Now what I have begun to understand is that all this, the world of “strong presence and weak protagonism” is very exactly the reverse of a properly theological vision of reality. That’s because in the properly theological vision, divine protagonism is extremely strong, stronger it could not be, but the divine presence is exceedingly weak. And what is most curious is that this very weakness of presence is precisely what properly corresponds to the strength of the protagonism.
I’d like to explore this notion of “protagonism”, not necessarily a familiar word. The word is derived from the principal actor in the tragic or comic dramas of ancient Greece. The principal actor was the protagonist; the second was the deutero-agonist, and so on. Thus originally there was only one protagonist, in the same way as it would be curious in modern times to have an opera in which there was more than one “Prima Donna”, leaving on one side the “Prima-Donna” tendencies of almost all artists, to say nothing of theologians. However, in all our modern languages the word “protagonist” has ceased to have this strict usage, and we speak easily of the “protagonists” of a drama, or an event, understanding by this “those who have an active role in what goes on”.
Well, I’d like to make a tediously obvious point, one of those which often are too obvious, and so escape us. If we really are monotheists, then we are very seriously committed not only to the existence of one God alone, but to there being only one protagonism. The two notions go together inseparably. To make a parallel: It is very difficult for us to talk about the “existence” of God who is not an object in the universe. On account of this it is less inappropriate to say that “God isn’t” than that “God is”, since the verb “to be” inescapably has as its reference the universe of existing things amongst which we are, and which are at the same level as us. Well, in just the same way it is difficult for us to talk about the “protagonism” of One who is not at the same level of any of the created protagonisms, forces, actors, or powers which we know, which move us, and which move, pace Dante Alighieri, even “il sole e l’altre stelle”.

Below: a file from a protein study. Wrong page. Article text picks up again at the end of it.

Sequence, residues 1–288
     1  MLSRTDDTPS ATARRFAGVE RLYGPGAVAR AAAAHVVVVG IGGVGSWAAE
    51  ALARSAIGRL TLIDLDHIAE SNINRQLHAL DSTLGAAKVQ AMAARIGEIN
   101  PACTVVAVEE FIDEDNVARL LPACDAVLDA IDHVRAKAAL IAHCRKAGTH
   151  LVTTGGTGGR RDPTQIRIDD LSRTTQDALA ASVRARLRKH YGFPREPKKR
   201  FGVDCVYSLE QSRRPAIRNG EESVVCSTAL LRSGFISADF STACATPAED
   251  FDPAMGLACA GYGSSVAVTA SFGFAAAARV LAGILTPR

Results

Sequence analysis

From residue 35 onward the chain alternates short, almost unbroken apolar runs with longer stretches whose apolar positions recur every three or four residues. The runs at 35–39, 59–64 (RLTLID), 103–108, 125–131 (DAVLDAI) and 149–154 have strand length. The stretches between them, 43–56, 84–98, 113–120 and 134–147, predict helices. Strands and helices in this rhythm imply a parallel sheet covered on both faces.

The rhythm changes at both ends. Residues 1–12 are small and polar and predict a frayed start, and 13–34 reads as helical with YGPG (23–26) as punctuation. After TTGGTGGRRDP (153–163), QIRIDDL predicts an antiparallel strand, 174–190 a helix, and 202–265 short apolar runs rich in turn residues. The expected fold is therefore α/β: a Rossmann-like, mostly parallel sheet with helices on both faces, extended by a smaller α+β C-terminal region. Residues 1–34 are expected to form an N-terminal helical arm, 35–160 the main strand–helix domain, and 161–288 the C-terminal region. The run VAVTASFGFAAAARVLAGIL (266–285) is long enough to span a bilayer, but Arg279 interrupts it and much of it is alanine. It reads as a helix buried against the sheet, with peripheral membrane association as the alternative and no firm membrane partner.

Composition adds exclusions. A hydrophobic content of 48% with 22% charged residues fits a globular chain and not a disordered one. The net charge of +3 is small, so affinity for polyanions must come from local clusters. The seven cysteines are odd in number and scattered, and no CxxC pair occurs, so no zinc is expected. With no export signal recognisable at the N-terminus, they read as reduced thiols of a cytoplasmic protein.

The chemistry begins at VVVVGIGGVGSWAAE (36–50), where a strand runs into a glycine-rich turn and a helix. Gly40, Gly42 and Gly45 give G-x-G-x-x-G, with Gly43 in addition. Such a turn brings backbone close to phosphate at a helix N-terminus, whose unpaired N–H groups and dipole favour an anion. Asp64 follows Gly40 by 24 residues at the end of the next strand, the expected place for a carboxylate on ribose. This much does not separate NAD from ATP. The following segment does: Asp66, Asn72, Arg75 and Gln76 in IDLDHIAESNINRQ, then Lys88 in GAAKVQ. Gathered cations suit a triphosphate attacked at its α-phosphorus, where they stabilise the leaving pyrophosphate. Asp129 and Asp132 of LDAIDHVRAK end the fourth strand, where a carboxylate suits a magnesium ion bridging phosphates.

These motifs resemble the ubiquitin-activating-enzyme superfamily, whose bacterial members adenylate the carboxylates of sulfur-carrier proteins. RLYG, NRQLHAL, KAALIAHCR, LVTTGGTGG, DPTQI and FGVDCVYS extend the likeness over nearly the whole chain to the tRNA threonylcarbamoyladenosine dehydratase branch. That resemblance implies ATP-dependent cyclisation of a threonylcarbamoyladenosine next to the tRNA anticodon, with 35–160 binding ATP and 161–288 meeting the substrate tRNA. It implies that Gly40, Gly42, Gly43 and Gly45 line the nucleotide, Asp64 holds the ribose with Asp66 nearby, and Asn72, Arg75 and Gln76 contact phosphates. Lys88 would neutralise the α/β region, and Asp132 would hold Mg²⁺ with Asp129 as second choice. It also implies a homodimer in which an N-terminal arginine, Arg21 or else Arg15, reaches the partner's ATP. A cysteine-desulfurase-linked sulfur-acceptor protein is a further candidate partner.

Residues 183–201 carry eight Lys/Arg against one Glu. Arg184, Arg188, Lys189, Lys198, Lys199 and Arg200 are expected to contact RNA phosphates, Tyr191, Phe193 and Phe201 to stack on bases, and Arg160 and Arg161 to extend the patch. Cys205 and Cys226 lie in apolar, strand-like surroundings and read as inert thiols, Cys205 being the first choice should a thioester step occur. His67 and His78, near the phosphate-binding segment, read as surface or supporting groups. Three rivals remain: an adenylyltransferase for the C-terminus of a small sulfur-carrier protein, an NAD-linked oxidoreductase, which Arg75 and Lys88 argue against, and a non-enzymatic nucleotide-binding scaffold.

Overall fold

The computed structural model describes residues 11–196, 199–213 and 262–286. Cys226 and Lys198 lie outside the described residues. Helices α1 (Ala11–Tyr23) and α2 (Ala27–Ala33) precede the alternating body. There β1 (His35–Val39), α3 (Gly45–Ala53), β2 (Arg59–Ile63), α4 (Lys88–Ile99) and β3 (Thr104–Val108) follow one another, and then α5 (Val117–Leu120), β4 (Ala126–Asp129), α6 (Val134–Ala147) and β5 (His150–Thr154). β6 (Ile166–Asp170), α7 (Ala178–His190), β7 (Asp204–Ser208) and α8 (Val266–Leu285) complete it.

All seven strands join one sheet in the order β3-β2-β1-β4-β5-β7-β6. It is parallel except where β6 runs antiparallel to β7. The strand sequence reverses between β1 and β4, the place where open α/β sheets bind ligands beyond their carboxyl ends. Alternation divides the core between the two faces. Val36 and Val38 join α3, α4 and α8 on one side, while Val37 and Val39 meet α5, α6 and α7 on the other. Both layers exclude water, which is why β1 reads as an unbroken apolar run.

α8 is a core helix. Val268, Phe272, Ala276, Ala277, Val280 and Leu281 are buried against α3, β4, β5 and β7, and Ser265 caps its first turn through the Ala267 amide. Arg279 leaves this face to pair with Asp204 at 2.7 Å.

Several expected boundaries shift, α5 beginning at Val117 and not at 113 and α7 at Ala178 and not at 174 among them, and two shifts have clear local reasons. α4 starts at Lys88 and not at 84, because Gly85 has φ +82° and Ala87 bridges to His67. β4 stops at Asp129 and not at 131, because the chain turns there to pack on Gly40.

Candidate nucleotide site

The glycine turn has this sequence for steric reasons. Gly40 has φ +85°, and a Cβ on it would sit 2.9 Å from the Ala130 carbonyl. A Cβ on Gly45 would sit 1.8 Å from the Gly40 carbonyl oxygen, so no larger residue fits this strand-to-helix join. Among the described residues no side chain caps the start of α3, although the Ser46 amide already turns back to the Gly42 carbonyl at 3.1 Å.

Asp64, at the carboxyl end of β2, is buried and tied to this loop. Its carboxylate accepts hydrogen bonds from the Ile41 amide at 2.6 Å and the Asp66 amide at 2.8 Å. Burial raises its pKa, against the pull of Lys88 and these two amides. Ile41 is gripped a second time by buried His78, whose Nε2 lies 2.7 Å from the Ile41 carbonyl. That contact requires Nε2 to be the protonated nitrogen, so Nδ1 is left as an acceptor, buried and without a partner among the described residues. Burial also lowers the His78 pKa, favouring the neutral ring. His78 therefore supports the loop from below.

However, in just the same way as our, very correct, negative theology of “being” sometimes leaves us without any sense that “behind” everything there is, yes indeed, an “existing”, a splendour, a radiance, a power and a beauty which are so brilliant, real, and so on that in their light all the things which we know as existing, beautiful, powerful are only weak sparks reflected from a great distance; in just the same way our very proper recognition of the lack of similarity between our notions of protagonism and the protagonism that is God sometimes leaves us without any sense that “behind” all acting forces there is a protagonism, one which is much stronger, more powerful and more deliberate than anything we can imagine.